Our Supportive Care team explains more about Melanoma Institute Australia’s new research project aiming to support early-stage (O-II) patients with melanoma recurrence anxiety.

Over the past 18 months, we have had the privilege of interviewing dozens of melanoma patients as well as their family members. In conducting these interviews, we were hoping to find out how to best support patients diagnosed with melanoma and the important people in their lives. As a part of these interviews, many patients shared their melanoma journey, from the confusing and confronting time of their diagnosis, throughout their various treatments, and life after treatment.

Anxiety, worry, and fear were topics commonly raised by patients when sharing their melanoma journey. What surprised us, however, was the proportion of patients who continued feeling this anxiety years after receiving the news that they were melanoma-free.

When consulting the available evidence, it became clear that this anxiety is rather common. The recently published State of the Nation – A Report into Melanoma, which surveyed 1,137 melanoma patients across Australia, found that 40% of melanoma patients experience anxiety [1]. Furthermore, evidence from Melanoma Institute Australia demonstrates that in early-stage (O-II) melanoma patients specifically, 63% experience this anxiety to a degree that requires additional support [2].

Upon becoming familiar with the available evidence, it became clear that the supportive care of melanoma patients is often neglected. For example, in the aforementioned State of the Nation – A Report into Melanoma [1], 40% of melanoma patients reported that supportive care was never discussed with them throughout their diagnosis and treatment.

As a substantial number of melanoma patients experience this anxiety, worry, or fear of melanoma recurrence or progression, and it appears to continue in the years after remission, it begs the question: What can be done to better support these patients and address their anxiety?

Based on this question, our Supportive Care team at Melanoma Institute Australia has created a new research study aiming to provide additional support to early stage melanoma patients experiencing this anxiety.

This study is called the Melanoma Psychological Support Study.

What is the purpose of the study?

The primary purpose of this study is to test whether we can use a simple survey to identify patients diagnosed with early-stage melanoma who may be experiencing elevated anxiety, worry or fear that melanoma may come back or get worse. This survey is only nine questions long and takes less than five minutes to complete.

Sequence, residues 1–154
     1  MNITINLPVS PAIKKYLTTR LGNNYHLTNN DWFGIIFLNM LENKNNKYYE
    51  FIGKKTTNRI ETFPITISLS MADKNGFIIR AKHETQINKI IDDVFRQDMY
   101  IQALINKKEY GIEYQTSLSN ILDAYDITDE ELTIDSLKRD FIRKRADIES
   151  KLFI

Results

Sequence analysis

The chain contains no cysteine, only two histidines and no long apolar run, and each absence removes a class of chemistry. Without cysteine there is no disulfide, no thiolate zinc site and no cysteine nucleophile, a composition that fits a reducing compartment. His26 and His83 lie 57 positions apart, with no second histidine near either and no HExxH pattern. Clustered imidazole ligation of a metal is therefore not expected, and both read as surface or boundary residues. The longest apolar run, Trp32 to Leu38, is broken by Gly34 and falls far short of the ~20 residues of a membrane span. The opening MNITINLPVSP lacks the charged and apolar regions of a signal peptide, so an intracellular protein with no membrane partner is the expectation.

What additional support is provided to patients?

For patients identified to experience elevated fears that melanoma may come back, they will be offered two purpose-designed supports:

  1. The ‘Melanoma: Questions and Answers’ booklet, providing written information that may help ease some anxiety.
  2. Telehealth sessions with a trained psychologist, whose goal is to provide patients with effective strategies and support to address fears of melanoma coming back.

Who is this study for?

Any early-stage melanoma patient is eligible to be a part of this study if they are currently seeing a clinician at either Melanoma Dermatology (Suite 8) at the Poche Centre, or at Sydney Melanoma Diagnostic Centre at Royal Prince Alfred Hospital.

Patients are notified about the study by an automatic text message sent by the clinic about one month before an upcoming appointment, as well as through discussions with their clinician.

If you are an adult early-stage melanoma patient who has not had a previous diagnosis of late-stage (III-IV) melanoma and are interested in participating, make sure to ask your clinician at your next Melanoma Dermatology at the Poche Centre or Sydney Melanoma Diagnostic Centre appointment.

How can I see the results of the study?

The results of the study will be published here, on the Melanoma Institute Australia website, when the study is complete. These results will include how effective these additional supports were in reducing anxiety, worry, and fear that melanoma may come back, as well as anonymous feedback from patients about their experiences with these additional supports.

What about late-stage melanoma patients?

Late-stage melanoma patients have different experiences than early-stage patients. As this study was tailored to address the needs of early-stage patients, the needs of late-stage patients will likely not be adequately addressed through this current study.

However, the investigative team are currently seeking funding to create a similar support trial for late-stage patients.

Who can I ask if I have questions about the study?

If you have any questions about the study, please feel free to reach out the Supportive Care team at Melanoma Institute Australia using the details below.

Email: supportivecare@melanoma.org.au
Phone: (02) 9911 7294

If you are a fellow melanoma or cancer researcher, the study protocol has been recently published in an open-access journal [3].

It’s important to remember that a diagnosis of melanoma affects each individual in a unique way. If you desire additional support, please speak to your general practitioner or melanoma specialist who can facilitate the appropriate support to address your needs.


1 – State of the Nation: A Report into Melanoma 2022

2 – Bell KJL, Mehta Y, Turner RM, et al. Fear of new or recurrent melanoma after treatment for localised melanoma. Psychooncology 2017;26:1784–91.

3 – Thompson JR, Smith AL, Lo SN, et al. Protocol for the implementation of a stepped-care model to address fear of cancer recurrence in patients previously diagnosed with early-stage (O–II) melanoma. BMJ Open 2022;12:e054337.